Recently @Thrice’s Dustin Kensrue (vocals/guitar) and Teppei Teranishi (guitar) participated in PG’s Hooked. (The video series features musicians talking about a moment, riff, or song that turned their world upside down and sideswiped them into playing.) Kensrue raved about the Pixies’ dissonant melodies, while Teranishi highlighted Metallica’s heavy impact. And at the conclusion of the video, they both admit the band has a lot of “Pixies” parts and “Metallica” moments throughout its catalog.
Over the course of 11 studio albums—with the help of brothers Eddie (bass) and Riley (drums) Breckenridge—Thrice has explored odd-timing metal (Identity Crisis and The Illusion of Safety), thrashy screamo (The Artist in the Ambulance), maturing post-hardcore (Vheissu and Palms), all-encompassing prog-rock with ethereal escapes and mammoth, surly riffs (The Alchemy Index: Vols. I-IV), and an amalgamation of it all (To Be Everywhere Is to Be Nowhere and Horizons/East). And even after all those years, all those albums, and all their discovered sounds, the Pixies and Metallica continue to be musical planets they orbit while exploring the outer realms of the sonic solar system.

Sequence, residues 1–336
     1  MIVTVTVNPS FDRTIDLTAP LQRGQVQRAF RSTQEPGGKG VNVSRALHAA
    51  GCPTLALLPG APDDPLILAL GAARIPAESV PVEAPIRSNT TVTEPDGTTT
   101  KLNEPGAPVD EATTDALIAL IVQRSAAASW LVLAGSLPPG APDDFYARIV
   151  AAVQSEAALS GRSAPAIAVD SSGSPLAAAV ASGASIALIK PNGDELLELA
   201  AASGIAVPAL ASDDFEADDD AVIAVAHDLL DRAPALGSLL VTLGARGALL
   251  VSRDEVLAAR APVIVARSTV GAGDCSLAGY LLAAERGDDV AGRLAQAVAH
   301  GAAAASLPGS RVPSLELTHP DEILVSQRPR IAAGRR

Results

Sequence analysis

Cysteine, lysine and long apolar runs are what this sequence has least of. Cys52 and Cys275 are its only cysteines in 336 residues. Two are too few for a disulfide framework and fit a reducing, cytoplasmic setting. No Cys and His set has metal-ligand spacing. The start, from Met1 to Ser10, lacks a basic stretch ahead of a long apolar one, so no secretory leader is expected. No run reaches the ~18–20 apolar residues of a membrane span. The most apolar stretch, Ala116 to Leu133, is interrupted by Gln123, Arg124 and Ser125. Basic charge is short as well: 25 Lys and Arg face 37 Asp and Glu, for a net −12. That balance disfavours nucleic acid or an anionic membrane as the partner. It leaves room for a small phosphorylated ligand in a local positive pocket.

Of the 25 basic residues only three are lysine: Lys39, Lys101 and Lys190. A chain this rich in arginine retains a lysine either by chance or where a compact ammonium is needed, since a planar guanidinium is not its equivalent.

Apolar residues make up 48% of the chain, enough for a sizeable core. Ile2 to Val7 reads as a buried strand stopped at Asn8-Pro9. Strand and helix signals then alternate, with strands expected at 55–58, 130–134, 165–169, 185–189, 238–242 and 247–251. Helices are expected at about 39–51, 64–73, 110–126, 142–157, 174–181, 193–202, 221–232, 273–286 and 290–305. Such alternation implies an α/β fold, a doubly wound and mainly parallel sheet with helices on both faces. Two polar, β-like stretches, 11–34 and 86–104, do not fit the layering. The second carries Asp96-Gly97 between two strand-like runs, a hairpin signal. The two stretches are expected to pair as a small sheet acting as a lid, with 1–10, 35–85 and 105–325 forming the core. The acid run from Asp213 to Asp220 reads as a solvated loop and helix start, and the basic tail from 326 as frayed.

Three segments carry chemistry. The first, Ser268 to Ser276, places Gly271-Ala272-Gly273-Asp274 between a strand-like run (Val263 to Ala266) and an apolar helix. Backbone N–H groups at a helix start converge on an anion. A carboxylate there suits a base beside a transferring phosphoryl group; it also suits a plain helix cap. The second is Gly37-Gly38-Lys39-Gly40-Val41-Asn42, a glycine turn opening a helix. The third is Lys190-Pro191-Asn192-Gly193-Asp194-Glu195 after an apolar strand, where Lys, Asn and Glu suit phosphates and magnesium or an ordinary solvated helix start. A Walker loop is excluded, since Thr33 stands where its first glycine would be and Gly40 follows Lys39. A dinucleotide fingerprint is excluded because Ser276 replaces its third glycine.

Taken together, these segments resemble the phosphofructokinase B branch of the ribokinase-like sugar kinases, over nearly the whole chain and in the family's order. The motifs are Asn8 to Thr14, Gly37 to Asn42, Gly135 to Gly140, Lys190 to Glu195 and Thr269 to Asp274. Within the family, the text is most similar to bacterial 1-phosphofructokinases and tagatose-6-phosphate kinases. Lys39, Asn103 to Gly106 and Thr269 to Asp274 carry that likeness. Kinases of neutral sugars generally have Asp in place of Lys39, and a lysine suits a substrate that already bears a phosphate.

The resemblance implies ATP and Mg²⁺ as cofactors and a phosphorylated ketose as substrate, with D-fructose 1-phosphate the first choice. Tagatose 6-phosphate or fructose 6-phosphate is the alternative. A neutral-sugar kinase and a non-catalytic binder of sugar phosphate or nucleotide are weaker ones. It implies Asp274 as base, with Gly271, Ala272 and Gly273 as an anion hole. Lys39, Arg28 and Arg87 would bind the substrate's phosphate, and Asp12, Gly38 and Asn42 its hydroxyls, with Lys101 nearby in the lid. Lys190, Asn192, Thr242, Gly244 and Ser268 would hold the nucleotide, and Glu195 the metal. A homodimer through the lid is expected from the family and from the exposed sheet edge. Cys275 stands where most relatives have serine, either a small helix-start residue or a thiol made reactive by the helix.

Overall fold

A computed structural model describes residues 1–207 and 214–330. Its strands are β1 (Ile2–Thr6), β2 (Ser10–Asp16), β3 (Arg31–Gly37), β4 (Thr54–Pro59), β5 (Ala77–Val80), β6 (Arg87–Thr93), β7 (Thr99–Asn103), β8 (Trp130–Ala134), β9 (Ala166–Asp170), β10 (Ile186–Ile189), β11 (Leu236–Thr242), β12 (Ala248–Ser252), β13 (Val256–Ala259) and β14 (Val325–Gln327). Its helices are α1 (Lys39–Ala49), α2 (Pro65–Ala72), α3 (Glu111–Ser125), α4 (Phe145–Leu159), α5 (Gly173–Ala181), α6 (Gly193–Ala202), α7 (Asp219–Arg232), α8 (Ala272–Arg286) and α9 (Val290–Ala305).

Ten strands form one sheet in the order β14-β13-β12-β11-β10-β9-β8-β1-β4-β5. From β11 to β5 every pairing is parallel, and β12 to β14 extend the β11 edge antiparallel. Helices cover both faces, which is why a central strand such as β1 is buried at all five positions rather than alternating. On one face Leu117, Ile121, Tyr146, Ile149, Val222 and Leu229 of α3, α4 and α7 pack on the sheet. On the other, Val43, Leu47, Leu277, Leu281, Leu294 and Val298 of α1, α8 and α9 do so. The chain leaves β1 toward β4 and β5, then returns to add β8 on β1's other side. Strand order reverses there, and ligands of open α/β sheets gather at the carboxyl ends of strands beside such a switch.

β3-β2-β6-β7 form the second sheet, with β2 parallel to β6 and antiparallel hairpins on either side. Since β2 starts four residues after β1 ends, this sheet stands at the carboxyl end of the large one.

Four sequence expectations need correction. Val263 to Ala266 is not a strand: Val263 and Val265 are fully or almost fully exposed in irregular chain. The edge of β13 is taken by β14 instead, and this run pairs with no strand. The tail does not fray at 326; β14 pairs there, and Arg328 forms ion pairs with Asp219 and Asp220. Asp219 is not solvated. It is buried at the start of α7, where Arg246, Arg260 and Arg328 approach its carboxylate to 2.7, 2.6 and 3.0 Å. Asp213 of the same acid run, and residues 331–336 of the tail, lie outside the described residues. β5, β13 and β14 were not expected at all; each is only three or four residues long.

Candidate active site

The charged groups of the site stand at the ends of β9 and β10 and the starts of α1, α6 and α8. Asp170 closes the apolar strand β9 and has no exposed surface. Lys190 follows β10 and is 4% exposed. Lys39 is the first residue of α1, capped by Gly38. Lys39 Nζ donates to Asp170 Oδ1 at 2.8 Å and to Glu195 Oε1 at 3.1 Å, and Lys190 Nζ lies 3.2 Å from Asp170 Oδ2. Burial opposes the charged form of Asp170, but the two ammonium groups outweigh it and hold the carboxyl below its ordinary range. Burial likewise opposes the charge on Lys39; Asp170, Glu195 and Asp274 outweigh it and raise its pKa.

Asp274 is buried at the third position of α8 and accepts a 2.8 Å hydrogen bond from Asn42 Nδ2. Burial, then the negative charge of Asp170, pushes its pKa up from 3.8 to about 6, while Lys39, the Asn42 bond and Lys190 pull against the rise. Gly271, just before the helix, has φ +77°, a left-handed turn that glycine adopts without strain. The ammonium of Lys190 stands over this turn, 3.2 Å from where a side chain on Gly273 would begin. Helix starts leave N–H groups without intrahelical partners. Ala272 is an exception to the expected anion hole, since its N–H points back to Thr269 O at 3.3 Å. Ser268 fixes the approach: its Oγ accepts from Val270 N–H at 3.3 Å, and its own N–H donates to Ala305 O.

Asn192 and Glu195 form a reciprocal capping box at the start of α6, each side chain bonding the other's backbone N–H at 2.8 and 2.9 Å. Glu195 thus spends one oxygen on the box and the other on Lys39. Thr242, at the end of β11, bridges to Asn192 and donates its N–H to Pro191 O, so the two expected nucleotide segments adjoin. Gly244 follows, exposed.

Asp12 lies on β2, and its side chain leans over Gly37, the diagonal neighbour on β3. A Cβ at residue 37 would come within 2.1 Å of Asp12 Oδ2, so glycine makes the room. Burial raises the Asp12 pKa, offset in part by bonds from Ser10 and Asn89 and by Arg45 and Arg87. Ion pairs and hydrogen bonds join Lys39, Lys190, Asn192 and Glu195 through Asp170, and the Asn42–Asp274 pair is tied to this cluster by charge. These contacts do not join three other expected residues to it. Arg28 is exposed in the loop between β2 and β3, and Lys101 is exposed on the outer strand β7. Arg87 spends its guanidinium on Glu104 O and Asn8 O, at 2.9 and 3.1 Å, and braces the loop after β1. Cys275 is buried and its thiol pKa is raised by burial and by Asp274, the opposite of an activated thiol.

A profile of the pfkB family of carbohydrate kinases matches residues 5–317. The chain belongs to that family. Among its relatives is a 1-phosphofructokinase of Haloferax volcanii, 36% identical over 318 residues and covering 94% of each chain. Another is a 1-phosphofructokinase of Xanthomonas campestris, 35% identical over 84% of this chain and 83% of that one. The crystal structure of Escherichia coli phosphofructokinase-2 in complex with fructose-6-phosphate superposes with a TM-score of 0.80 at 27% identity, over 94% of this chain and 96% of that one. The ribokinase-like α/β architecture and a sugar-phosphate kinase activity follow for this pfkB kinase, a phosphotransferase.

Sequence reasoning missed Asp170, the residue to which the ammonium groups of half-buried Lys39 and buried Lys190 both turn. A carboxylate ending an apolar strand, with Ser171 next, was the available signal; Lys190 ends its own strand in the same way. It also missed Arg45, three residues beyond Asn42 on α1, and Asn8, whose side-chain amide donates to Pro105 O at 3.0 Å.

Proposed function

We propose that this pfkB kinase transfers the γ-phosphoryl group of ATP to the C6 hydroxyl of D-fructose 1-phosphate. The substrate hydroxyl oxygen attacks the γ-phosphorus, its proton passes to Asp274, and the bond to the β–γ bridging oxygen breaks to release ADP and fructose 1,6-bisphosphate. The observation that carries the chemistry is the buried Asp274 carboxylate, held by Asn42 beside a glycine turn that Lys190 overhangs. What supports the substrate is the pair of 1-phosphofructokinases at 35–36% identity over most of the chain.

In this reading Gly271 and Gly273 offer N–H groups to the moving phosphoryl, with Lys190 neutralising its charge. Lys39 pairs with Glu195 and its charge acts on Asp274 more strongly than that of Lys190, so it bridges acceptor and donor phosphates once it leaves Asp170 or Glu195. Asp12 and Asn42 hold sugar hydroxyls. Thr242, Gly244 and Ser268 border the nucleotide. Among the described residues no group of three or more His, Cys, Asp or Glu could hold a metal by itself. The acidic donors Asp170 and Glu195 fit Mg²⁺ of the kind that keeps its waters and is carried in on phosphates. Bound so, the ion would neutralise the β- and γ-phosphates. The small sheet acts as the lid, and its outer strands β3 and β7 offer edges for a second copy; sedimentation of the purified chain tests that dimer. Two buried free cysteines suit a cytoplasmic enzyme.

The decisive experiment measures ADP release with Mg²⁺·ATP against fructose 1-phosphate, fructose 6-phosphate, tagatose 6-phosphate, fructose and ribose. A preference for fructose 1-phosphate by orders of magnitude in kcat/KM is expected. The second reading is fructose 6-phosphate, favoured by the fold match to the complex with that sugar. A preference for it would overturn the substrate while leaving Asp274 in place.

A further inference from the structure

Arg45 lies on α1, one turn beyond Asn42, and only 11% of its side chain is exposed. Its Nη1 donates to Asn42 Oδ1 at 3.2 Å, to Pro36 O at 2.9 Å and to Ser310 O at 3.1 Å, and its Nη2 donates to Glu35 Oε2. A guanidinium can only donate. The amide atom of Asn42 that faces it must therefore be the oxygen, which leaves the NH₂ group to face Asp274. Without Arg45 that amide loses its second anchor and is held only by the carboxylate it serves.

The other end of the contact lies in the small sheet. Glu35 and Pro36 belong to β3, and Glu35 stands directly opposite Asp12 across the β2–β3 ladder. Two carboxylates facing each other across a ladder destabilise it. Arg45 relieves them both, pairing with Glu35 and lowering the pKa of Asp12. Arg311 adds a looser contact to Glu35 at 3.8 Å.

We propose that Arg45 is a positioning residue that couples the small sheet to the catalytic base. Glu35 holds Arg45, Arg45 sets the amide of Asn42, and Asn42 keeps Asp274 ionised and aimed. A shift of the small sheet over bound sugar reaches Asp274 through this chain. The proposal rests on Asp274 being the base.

Prior to headlining Nashville’s Mercy Lounge in support of the just-released Horizons/East, Kensrue and Teranishi spoke with PG’s Perry Bean about the changes (and reductions) in their symbiotic setups. Kensrue explains why he’s shifted his live tone (and Horizons/East recordings) to be fully dependent on the Line 6 Helix, and how that impacted the design of his signature Ernie Ball Music Man StingRay. Teranishi chronicles how the pandemic-created time void sent him down the lutherie rabbit hole and resulted in a familiar-looking-but-original build.